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Literary Sleuthing
By Louis Mazzari

The New York Times broke the story on page one: A famous biographer was facing charges of plagiarism. A prestigious publisher would have to pulp a new biography at substantial cost and loss of reputation. And it was all triggered by the sharp eye of Jeffrey Bolster, UNH associate professor of history.

Bolster was working on a review of James Mackay's I Have Not Yet Begun to Fight: A Life of John Paul Jones shortly before the book's publication. As he read the galley proofs, something about the language prompted him to check the last major biography of Jones, written 40 years ago by Samuel Eliot Morison. Bolster flipped from one episode in Jones' life to another, surprised to find almost identical passages in both the new and old biographies.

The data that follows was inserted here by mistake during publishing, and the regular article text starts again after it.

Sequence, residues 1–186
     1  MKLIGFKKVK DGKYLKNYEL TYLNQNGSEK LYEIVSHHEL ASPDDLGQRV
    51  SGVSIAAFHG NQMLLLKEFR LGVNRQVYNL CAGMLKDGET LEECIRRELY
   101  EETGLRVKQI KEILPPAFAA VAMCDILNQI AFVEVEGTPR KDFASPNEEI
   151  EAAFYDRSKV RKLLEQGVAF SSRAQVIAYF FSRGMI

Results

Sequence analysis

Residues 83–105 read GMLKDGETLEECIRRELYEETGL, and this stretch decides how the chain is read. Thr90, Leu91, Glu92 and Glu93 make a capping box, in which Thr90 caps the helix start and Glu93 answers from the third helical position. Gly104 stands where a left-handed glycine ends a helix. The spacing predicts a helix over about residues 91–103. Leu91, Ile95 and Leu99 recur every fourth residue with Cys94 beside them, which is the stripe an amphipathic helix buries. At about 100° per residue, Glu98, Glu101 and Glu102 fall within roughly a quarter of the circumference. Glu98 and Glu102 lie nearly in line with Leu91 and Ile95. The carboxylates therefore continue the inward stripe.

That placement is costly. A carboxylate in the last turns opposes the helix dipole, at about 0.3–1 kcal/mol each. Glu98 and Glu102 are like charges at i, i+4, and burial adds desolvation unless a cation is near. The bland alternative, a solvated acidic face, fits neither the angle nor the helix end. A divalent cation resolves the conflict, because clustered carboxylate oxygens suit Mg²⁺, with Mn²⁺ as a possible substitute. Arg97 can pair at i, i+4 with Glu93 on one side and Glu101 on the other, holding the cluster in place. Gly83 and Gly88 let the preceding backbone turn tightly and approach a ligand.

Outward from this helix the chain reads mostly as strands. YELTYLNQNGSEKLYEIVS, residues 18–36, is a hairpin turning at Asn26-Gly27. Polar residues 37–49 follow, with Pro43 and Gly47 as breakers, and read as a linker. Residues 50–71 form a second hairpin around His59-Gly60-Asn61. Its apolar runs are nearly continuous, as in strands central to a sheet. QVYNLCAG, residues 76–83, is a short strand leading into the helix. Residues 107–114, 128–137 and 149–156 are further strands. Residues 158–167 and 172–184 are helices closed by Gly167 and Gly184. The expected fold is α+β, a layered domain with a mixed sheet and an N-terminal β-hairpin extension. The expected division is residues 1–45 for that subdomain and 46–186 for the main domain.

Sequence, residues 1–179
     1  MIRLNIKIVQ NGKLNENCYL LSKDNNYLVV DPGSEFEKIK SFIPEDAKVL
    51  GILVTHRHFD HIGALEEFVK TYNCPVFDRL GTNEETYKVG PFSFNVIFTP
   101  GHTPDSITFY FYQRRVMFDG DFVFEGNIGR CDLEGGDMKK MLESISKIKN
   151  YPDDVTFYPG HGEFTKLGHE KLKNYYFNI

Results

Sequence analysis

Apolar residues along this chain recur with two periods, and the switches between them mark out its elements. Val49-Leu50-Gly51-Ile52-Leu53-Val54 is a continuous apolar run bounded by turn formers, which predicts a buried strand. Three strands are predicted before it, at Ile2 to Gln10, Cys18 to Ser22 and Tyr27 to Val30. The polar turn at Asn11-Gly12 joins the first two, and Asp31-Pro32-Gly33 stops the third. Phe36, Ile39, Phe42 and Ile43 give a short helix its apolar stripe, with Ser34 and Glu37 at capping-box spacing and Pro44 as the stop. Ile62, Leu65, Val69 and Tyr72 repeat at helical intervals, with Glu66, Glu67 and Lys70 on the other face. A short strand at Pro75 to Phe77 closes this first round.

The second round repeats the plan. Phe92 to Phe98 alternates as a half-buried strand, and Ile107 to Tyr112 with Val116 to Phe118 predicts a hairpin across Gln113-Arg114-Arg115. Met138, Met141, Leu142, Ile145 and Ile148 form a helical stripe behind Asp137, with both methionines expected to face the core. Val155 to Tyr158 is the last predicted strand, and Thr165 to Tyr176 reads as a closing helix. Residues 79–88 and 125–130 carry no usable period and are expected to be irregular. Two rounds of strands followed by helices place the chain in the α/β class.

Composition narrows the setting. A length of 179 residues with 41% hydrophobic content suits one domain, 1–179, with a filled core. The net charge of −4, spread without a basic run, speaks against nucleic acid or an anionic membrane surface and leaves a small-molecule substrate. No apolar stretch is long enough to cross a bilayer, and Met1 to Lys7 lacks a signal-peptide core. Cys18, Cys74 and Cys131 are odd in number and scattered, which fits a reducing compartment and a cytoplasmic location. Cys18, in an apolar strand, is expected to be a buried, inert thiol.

A former ship's captain who left sailing for scholarship in his mid-30s, Bolster is an admirer of Morison's work. "I got suspicious about Mackay because I know Morison's style," he says. "I know how Morison thought and wrote about sailing. He was a sailor-historian, and I am, too."

Mackay is an imposing figure in British letters, having published more than 100 books. He has been celebrated for his work, but he has also repeatedly been accused of plagiarism, most notably by Boston University professor emeritus Robert V. Bruce '45. Bruce filed a complaint against Mackay when his 1997 book on Alexander Graham Bell paralleled Bruce's own 1973 work. "Out of 297 pages of text," Bruce says, "I found 285 with obvious plagiarisms."

Through it all, Mackay has denied wrongdoing. When the Times asked him how so many passages could be so similar, Mackay replied, "There are only a certain number of words in the English language." The Atlantic Monthly Press could not be so cavalier. It had to throw away 7,500 copies of the $28 book. What makes the fiasco even more embarrassing is that Morison's book had been published by—yes—Atlantic Monthly Press.

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